I wander off. Get coffee. Avoid making eye contact. The transfer is complete and the project is now wholly his for this phase. It is alien to me now.

I still get called in for input which I'm not qualified to offer. I make more coffee.

This portion of the proccess wearies me. It involves nuances I don't bother to understand (you mean you shouldn't use twist-ties on a permanent structure?), demands that we work with characteristics of wood and cuts of grain (I dunno- can't we just paint it?) It involves the mathematical relation of stress and counterstress (did you notice my dead silence when he asked about the supports? I left those out on purpose. I just didn't want to mess with them.)

I see a vision and am awed by it's potential (and ease).

He sees the parts and revels in the whole (but particularly in combining just the right parts for the whole).

Together, we make some darned fine projects, but there is this space in the transfer of leadership where it's just terribly uncomfortable.

Eventually, we get the details nailed down. We make the dreaded recon trip to Lowe's. We emerge with materials. They are never "just the right thing," according to Zorak (they're always "more than we needed" according to me), and there are always revisions and adjustments upon returning home, but we're almost done.

Then comes the easy part: letting the boys help build the project. We have a wonderful, unspoken understanding that *this* is the good stuff. This is what it's all about, right here, the boys and us, working together, doing this Thing together. They learn the safety rules for using power tools, that the baby should not eat the nails, and why sanding wood is an important step. That's the part we love. The boys love it. It's a family project, and they understand that. We received many hours of pleasure under our lovely awning. The coffee table is a central focal point for our living room, and we all feel warm and fuzzy about it. The shelf we are currently building will one day obtain that status. When it's done.

If it weren't for Charles, I'd have created a patio shade that engulfed people in any wind over 2 miles per hour, a coffee table that ate children at random, and a toy bin which would have been this generation's version of the 800 pound TV on a wobbly aluminum TV tray.

But if it weren't for me, he'd still be searching for just the right materials...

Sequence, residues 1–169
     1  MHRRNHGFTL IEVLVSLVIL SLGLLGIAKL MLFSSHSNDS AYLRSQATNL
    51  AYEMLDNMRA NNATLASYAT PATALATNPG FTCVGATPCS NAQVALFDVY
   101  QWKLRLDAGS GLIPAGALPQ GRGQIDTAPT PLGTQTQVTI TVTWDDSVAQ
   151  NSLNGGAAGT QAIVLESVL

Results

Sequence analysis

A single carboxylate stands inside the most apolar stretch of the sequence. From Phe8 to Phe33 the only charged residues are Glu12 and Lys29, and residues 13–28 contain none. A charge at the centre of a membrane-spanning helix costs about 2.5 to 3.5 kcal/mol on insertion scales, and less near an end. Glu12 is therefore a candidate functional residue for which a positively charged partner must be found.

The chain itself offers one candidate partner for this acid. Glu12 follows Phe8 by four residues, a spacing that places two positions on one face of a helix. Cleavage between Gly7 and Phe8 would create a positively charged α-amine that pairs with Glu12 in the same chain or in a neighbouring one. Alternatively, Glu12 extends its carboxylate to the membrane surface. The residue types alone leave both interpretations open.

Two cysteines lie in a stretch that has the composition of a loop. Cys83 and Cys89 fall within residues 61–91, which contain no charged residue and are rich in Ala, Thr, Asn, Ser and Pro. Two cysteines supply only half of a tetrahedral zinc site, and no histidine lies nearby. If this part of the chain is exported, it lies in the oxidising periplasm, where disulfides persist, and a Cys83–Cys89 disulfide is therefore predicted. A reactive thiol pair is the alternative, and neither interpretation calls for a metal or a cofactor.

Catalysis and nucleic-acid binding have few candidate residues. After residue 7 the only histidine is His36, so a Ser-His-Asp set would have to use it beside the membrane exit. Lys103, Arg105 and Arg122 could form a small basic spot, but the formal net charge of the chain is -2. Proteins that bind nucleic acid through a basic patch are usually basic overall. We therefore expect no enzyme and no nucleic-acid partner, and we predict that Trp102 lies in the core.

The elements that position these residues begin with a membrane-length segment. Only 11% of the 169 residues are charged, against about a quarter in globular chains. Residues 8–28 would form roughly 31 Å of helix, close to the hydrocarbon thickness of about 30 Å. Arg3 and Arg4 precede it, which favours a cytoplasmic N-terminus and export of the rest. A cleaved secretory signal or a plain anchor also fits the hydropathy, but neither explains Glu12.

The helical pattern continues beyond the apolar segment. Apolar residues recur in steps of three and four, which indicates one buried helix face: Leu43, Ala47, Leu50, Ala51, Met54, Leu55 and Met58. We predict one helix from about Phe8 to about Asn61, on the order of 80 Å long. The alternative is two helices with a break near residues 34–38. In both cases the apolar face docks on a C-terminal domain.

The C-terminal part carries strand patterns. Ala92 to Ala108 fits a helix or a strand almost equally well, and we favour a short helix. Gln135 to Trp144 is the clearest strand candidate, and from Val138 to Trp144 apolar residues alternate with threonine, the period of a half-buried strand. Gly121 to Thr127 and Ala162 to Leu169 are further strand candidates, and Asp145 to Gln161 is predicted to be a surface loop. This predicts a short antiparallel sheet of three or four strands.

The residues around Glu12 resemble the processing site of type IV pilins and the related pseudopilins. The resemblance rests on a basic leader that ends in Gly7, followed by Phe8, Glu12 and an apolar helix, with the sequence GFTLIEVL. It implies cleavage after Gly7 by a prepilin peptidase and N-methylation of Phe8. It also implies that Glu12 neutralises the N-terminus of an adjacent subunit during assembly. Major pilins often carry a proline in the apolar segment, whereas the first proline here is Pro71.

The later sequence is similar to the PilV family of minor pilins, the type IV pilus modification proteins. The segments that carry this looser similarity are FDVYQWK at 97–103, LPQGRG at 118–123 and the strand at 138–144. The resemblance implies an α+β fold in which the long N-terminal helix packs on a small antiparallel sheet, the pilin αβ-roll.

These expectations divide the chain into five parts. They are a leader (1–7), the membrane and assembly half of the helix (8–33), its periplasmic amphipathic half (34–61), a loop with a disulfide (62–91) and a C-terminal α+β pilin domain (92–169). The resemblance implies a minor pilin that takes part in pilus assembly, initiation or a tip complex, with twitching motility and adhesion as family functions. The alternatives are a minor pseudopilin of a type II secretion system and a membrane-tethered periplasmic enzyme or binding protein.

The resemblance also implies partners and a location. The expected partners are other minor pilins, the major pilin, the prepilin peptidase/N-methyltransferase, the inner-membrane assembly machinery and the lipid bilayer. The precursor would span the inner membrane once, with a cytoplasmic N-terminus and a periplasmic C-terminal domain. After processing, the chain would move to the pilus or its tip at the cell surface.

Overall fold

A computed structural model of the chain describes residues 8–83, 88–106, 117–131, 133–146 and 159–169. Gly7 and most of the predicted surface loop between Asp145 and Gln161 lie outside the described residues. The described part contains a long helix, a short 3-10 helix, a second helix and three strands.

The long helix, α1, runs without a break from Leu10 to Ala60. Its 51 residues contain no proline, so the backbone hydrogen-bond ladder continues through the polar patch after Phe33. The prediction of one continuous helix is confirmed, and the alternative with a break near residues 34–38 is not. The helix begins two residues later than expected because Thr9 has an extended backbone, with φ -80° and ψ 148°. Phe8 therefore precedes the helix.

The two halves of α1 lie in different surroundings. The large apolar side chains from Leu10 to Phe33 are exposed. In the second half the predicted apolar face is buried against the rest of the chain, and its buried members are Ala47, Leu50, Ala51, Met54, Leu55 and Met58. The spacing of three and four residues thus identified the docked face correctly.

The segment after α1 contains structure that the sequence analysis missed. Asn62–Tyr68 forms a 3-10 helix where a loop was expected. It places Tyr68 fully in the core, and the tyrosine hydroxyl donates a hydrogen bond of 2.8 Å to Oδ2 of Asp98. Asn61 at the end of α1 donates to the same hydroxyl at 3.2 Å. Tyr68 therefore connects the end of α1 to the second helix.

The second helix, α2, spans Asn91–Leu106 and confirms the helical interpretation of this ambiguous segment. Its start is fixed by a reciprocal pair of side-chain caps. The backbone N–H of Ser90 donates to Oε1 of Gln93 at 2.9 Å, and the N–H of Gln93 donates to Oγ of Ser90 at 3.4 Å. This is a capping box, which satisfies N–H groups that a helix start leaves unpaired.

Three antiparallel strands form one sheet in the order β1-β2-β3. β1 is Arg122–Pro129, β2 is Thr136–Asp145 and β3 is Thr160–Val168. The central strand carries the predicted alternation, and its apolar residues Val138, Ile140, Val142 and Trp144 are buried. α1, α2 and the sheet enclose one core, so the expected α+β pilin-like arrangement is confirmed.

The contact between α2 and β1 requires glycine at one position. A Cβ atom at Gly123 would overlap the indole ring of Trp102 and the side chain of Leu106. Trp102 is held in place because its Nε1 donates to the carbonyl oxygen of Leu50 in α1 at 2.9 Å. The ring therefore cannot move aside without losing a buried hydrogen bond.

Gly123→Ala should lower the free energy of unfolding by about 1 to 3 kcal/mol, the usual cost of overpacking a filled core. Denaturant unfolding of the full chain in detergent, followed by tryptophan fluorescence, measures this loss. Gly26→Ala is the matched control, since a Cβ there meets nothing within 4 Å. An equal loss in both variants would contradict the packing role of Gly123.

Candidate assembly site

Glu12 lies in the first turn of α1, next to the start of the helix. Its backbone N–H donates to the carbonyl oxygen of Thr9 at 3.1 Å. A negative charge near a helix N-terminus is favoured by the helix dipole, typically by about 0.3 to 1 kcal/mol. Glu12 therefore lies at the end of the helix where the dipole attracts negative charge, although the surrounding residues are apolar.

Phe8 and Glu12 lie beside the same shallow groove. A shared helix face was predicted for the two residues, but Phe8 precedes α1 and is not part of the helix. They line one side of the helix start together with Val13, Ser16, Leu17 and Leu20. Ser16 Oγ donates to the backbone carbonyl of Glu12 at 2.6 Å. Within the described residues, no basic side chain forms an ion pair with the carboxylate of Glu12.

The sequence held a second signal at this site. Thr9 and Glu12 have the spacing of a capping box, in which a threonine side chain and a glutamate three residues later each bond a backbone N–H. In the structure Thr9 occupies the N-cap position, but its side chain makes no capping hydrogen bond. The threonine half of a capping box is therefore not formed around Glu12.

Yep, we're pretty good together.

Kiss those babies!

Friday, December 3

Helicopters and Seafood!

Zorak brought back a little plastic helicopter for each of the boys. He had them out last night, showing them to me, and we forgot to stow them upon retiring. This morning the neighbors probably thought we were celebrating Christmas early. The boys came bounding into our room, shouting, "There are HELICOPTER TOYS downstairs by the television! There's even something for JACOB!"

The next seven hours are a blur of plastic things whizzing past my head, over the fence, and into the kitchen. Inside. Outside. From outside, in. Upside down. It was helicopter heaven. Boys laughing. Giggling. Gleeful and excited. Zorak upped the ante by crafting more flying things for the boys to launch from their 'Copter Launchers. He made UFO's from just about anything he could get his hands on: popsicle sticks, coffee can lids, Enchurrito containers from Taco Bell, cardboard. We have flying mechanisms all over this living room.

We went for supper at Captain Pat's Seafood on Route 235. I have now thoroughly embarrassed myself in public and proven that I am not what you'd call "A Seafood Person". Evidently I am the only person in the history of the world who has been on the verge of throwing up when presented with a hot, steaming pile of food bathed - nay, infused with and buried in - Old Bay Seasoning. I asked if, since the menu didn't say the meal would be covered in this stuff, it was possible to get some that was clean, er, plain. She looked at me like I was an alien, "You mean you want it WITHOUT the Old Bay?" Please. *wavering smile*

She did. We ate. The food is really quite good. Their whiting is tasty. The crab was delicious. Their hushpuppies have a good flavor. The shrimp were yummy. Of course, it took me ages to eat mine because I simply must "clean" them (de-vein them... you know what I'm talking about...) and these were doozies! Wow. I'm not knocking it, and once I got them all clean, I enjoyed them tremendously. I'm just sayin' I didn't know a person could have the willies for two hours straight. That's all. Like I said, evidently I'm not A Seafood Person.